|Role reversal?||10.01.08 at 5:15 am ET|
The formulas always seemed like polar opposites. The offensive success of the Angels was defined by an attacking style on the bases that was meant to compensate for the absence of power outside of Vladimir Guerrero. The run totals of the Red Sox were dictated almost solely by their ability to power the ball over the fence.
That, at least, seemed the glaring difference of the two teams when they met in the American League Division Series in both 2004 and 2007. But at this year’s trade deadlines, it was suggested that the two teams fundamentally altered their identities.
The Angels acquired a new middle of the order presence in Mark Teixeira. The Red Sox, meanwhile, shed one of the great sluggers in the game in exchanging Manny Ramirez for Jason Bay. Ever since, members of both teams believe that the stylistic differences between the two teams have narrowed.
“I think we can do some of the same things (that the Angels are known for) now,” said Sox manager Terry Francona. “We’re a little different team than we used to be. We go first to third better, I think we were third in the league in stolen bases and I think we were pretty efficient at it.”
“We weren’t relying on one or two guys (after the Ramirez trade). We weren’t relying on a three-run homer in the seventh or eighth inning,” added second baseman Dustin Pedroia. “We were trying to find a way to score a run, whether it was bunting a guy over, stealing a base, doing the little things. We’ve played great defense since Jason (Bay) came over. We’re playing the game a bit differently. I don’t know what the power numbers are, but it seems like we’re scoring runs in different ways.”
Angels manager Mike Scioscia, meanwhile, described the difference between his team in the 2007 Division Series as compared to this one like “night and day…Last year against Boston, we were a skeleton club.”
Injuries had deprived the Angels of any depth aside from Guerrero. Outfielder Gary Mathews was left off the postseason roster due to an injured knee. Casey Kotchman ended up missing the Division Series finale due to illness. Garret Anderson was unable to see clearly due to conjunctivitis, and also had to leave the Series finale after his first at-bat. The Sox could pitch around Guerrero with impunity, confident no one else who could hurt them. Boston outscored the Halos 19-4, and out-homered them 5-0 in a convincing three-game sweep.
Now, with Teixeira and Torii Hunter joining the likes of a healthy Mathews and Anderson, such lopsided numbers no longer seem likely.
“They’re much more dangerous through the middle,” said Francona. “They’ve always had the ability to run, now you put a couple of bats in the middle that can leave the ballpark, Teixeira works the count very well. He makes you certainly think twice about doing something with Vlad, so it gives them a couple of different looks and add some punch right in the middle of their lineup and it makes their lineup deeper. We talk about that with us all the time.”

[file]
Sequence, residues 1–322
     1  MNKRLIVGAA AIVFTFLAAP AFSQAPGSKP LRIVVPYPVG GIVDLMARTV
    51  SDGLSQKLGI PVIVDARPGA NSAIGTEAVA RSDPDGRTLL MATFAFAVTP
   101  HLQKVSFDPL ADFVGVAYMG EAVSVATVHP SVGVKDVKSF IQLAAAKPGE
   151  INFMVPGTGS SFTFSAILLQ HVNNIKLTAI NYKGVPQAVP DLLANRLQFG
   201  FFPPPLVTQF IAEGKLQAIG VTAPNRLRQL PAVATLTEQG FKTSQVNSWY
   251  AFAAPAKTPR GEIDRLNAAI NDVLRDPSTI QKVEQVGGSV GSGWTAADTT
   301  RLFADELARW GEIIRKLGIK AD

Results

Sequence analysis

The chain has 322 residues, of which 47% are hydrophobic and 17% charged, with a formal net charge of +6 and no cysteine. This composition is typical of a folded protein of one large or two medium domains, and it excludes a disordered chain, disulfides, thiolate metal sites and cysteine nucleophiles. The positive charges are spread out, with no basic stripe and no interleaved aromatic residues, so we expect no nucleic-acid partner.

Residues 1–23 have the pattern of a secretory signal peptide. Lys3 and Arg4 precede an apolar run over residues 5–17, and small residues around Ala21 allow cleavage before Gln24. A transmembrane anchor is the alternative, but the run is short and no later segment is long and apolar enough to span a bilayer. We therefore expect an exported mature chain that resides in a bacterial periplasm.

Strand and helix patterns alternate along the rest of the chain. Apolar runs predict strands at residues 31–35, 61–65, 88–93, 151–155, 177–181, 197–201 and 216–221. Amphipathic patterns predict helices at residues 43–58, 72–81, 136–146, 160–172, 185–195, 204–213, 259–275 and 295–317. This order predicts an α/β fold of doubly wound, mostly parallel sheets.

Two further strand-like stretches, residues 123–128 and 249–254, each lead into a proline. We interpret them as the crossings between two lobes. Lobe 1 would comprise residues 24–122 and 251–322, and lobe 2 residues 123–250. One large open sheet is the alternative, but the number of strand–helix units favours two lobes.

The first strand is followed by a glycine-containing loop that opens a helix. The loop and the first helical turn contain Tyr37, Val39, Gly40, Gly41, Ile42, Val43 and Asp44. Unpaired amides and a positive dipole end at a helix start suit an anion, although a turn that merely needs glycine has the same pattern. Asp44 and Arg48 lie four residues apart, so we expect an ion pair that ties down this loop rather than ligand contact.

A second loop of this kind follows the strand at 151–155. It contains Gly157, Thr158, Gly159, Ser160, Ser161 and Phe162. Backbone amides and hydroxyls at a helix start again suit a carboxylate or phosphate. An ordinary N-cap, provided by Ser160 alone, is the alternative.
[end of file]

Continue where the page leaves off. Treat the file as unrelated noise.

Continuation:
The notion of the similarities between the clubs has some basis in how the two teams have performed over the season’s final two months.
The two teams have each hit 55 homers since August 1 (the Sox in 1,862 at-bats, the Angels in 1,870). They played small ball with similar frequency, as Los Angeles (of Anaheim, naturally) has 11 sacrifice bunts and 21 sac flies, while the Sox have seven sacrifices and 20 sac flies.
Overall, however, the Sox have been a more effective offense. They averaged a major league-leading 5.8 runs per game in August and September while hitting .283 with a .367 OBP and .460 slugging mark en route to an A.L. best 34-19 record. The Angels scored 5.0 times per game while producing marks of .276/.340/.427 while playing .600 ball (33-22).
In September, however, with Mike Lowell and J.D. Drew sidelined for much of the month, both teams scored 137 runs in 26 games. That would suggest that the margin of difference between the two clubs is very different than was the case in their previous postseason encounters. That, in turn, offers the promise of a compelling Division Series.
“This series won’t be determined on what happened July 30th, it won’t be determined on what we did last year. It will be two very good teams going at it and see how it ends,” said Francona. “They know us real well and we know them real well. Whoever plays better will win. (There are) not going to be a whole lot of secrets.”
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